Extradition, paranoia, and the murder of Anna Mae
April 26, 2004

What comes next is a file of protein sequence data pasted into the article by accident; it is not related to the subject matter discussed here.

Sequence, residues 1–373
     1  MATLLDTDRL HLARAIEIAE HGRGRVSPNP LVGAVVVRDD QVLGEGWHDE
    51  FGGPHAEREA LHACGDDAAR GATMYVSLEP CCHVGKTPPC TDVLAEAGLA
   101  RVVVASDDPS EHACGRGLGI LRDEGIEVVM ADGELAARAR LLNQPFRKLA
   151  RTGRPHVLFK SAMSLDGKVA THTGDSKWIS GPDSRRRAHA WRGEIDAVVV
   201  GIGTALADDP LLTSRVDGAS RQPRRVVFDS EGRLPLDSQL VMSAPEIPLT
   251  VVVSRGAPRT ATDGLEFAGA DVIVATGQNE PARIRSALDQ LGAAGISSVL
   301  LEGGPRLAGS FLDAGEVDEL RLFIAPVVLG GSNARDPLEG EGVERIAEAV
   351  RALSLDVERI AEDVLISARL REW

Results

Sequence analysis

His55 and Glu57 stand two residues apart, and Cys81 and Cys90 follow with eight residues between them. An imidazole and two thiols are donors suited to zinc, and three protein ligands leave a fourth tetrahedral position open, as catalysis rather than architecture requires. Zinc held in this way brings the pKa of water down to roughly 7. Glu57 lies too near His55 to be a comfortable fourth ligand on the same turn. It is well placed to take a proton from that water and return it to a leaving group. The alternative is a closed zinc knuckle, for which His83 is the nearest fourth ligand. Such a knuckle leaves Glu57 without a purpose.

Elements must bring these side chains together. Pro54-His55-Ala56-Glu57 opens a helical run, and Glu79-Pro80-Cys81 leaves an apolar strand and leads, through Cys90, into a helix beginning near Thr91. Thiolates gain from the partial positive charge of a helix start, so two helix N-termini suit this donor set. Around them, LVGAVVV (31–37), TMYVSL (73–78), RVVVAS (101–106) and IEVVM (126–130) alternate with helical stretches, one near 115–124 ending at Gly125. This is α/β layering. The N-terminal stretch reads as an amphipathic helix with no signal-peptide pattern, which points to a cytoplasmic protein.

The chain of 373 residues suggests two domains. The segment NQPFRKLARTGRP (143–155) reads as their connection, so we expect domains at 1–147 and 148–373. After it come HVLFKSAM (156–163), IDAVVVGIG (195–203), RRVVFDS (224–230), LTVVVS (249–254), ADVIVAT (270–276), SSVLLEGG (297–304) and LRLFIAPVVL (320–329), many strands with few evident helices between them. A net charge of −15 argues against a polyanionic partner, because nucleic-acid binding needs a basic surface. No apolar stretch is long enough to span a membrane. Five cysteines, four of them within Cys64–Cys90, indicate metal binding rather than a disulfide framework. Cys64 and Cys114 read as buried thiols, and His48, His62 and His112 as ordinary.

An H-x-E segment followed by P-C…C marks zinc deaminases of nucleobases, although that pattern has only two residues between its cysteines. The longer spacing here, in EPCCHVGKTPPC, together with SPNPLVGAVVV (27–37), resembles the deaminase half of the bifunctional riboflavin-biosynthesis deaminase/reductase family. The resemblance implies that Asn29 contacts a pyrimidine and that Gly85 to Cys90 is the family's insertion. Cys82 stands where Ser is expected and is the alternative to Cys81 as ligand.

Anna Mae Pictou Aquash could have been one of the greatest native leaders of her generation. Instead, this Nova Scotia-born mother and devoted activist for the American Indian Movement (AIM) was led to a quiet corner of South Dakota's Pine Ridge Reservation in 1975 and shot in the back of the head. She tumbled off of a cliff, landing in a field where she lay for hours, possibly days, until the brutal Dakota winter claimed her. Her murder remained unsolved for years but members of the FBI are now convinced that another former AIM member, Yukon native John Graham, is responsible, and they are now asking for his extradition. For a reporter trying to peer into the dim history of the case it seems most logical to assume that there are two John Grahams. The first is a loving father and committed native activist who in the early 1980s named an activist camp after his slain friend Anna Mae. The other is a violent AIM loyalist who, tainted by the paranoia of FBI infiltration, followed orders to kidnap and kill Anna Mae on the mistaken belief that she was an informant. Graham remains under house arrest in Vancouver and soon a Canadian judge will have to decide which view of the man is the closest to the truth.